Spike2 records waveform, time-stamp and marker data. Waveform channels can be captured at different sampling rates, with synchronising stimulus and pacing pulses logged as time-stamp data to the same file. Text comments placed in the record during data sampling are easily located for review and analysis of experiment stages.
Active cursors search for features in waveform data and latch to time-stamps. You can also position cursors with "expressions", such as , Cursor (1) +5 to force a second cursor five seconds in advance of the first for comparative area measurements.
BP and ECG with generated mean BP
The CED 1401 interface generates pacing pulses and stimulus amplitude values via Spike2's built-in sequencer. A graphical editor with drag-and-drop interaction allows fast and easy creation of stimulus protocols. For more complex output and control requirements, a text editor enables direct access to the sequencer code. Further on-line control of the outputs is available through script interaction.
Graphical sequence editor
Spike2 can perform on-line and off-line detection of waveform features and mark these in a new channel in the data file using the built-in active cursor and measurement functions. This video tutorial shows how to generate heart rate from a blood pressure trace.
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CED, through this site, does two things that relate to privacy. We would like to explain them.
We offer free down-loads of many files on our site, from test programs to complete install files for updated versions of major packages like Spike2 and Signal.
When customers wish to take a down-load of a major package, we ask a few questions, including their name, email address, the serial number of the software for which they seek an upgrade and whether they would like an automatic email whenever we update the product. This information is emailed back to CED when they access the final down-load screen. Within this email, your browser transmits the type and version of browser you are using, and the screen resolution you are running.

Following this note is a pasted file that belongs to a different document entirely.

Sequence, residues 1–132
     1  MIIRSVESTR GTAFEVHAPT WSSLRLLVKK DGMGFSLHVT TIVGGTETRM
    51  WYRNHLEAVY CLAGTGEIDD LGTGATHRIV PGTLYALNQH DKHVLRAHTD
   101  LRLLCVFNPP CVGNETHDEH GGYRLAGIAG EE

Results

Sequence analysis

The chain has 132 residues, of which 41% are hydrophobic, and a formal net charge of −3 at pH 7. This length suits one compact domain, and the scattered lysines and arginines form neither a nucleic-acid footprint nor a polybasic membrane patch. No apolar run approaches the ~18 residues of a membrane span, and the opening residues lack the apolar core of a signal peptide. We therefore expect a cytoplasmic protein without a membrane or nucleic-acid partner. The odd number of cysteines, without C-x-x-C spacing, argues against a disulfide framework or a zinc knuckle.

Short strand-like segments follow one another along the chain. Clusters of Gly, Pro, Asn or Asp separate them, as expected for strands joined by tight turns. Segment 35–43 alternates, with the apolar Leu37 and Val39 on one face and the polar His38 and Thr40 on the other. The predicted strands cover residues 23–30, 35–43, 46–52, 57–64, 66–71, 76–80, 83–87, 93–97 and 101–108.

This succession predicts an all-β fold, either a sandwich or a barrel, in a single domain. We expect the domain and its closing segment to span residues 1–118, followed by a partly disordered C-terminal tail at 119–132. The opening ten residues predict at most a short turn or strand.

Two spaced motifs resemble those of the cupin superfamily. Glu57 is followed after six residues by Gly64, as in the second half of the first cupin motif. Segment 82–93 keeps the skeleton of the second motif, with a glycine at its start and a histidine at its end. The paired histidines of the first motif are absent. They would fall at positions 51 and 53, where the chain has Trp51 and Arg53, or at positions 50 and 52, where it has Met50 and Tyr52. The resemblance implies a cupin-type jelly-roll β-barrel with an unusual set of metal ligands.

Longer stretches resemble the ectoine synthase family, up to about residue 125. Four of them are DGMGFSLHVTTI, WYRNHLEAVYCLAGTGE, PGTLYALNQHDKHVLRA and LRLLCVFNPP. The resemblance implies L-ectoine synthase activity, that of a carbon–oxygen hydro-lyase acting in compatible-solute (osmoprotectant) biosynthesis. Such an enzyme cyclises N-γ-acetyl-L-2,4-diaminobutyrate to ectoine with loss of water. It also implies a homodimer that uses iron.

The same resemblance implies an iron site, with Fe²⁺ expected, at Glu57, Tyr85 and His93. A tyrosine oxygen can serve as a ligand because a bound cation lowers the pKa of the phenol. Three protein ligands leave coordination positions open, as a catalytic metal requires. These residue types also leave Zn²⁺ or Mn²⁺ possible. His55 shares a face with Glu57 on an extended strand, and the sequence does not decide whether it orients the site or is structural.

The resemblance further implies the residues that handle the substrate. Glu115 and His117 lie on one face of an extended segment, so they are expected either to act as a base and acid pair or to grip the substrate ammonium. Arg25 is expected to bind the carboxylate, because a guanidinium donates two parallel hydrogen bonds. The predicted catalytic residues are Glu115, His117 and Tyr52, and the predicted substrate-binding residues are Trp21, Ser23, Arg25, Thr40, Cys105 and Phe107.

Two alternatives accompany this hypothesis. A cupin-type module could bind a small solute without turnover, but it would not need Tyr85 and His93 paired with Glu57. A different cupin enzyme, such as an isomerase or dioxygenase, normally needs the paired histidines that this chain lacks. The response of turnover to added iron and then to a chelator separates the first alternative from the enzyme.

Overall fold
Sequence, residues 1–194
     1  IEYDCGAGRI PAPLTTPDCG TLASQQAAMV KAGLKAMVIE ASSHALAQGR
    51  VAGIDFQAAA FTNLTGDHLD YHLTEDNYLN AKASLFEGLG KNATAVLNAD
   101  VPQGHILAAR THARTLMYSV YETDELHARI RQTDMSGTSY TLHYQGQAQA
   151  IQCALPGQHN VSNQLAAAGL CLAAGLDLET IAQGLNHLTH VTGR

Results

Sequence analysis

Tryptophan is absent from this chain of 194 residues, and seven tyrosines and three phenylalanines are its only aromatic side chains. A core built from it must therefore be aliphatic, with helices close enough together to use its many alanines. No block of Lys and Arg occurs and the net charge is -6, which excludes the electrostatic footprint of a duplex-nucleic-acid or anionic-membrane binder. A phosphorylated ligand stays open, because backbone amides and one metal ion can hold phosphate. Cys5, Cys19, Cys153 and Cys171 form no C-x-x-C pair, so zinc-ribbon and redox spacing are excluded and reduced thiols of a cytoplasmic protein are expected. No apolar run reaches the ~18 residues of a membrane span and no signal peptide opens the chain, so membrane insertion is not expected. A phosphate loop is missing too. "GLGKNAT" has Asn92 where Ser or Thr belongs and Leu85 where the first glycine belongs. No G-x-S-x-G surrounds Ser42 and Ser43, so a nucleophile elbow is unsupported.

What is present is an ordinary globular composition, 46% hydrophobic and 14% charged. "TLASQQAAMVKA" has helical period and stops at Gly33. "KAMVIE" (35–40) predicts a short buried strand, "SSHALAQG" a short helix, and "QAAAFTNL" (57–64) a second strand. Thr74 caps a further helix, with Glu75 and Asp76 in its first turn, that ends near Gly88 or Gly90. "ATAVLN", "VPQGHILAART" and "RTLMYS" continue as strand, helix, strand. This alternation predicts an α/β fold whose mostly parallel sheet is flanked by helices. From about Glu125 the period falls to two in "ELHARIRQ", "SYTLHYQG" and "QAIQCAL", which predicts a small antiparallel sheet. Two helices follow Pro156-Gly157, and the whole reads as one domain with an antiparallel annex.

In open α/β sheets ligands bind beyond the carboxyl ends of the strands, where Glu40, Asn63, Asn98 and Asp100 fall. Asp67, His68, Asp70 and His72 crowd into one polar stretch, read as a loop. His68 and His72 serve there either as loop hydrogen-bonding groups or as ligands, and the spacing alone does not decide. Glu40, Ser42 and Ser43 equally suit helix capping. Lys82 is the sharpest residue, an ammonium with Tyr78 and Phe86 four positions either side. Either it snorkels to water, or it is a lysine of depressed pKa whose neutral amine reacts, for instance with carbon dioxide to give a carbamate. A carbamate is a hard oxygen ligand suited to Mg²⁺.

The reasons why we take and keep this information are that it is useful for our software development team to know who has taken the latest versions, and it is useful for our web site development team to know which browsers people are using to view our site, and what resolution they have their screens set to.
When people down-load a major package, we try to write a cookie, a small file in your computer, that records your name, serial number of the software package, and the version you are down-loading. These files have a lifetime of one year.
The reasons for storing this information are firstly that if you ask for another down-load some other time, your details are read from the cookie and are pre-written into the form, to save you looking them up again. The other reason is that next time you access our site, your browser looks through your CED cookies and compares the versions down-loaded with the latest version numbers read from our site. If there is a later version of a product you have already down-loaded, we tell you on the home page screen, so you know that it is worth going to the down-load page again.
None of this information is ever given to anyone outside CED. ×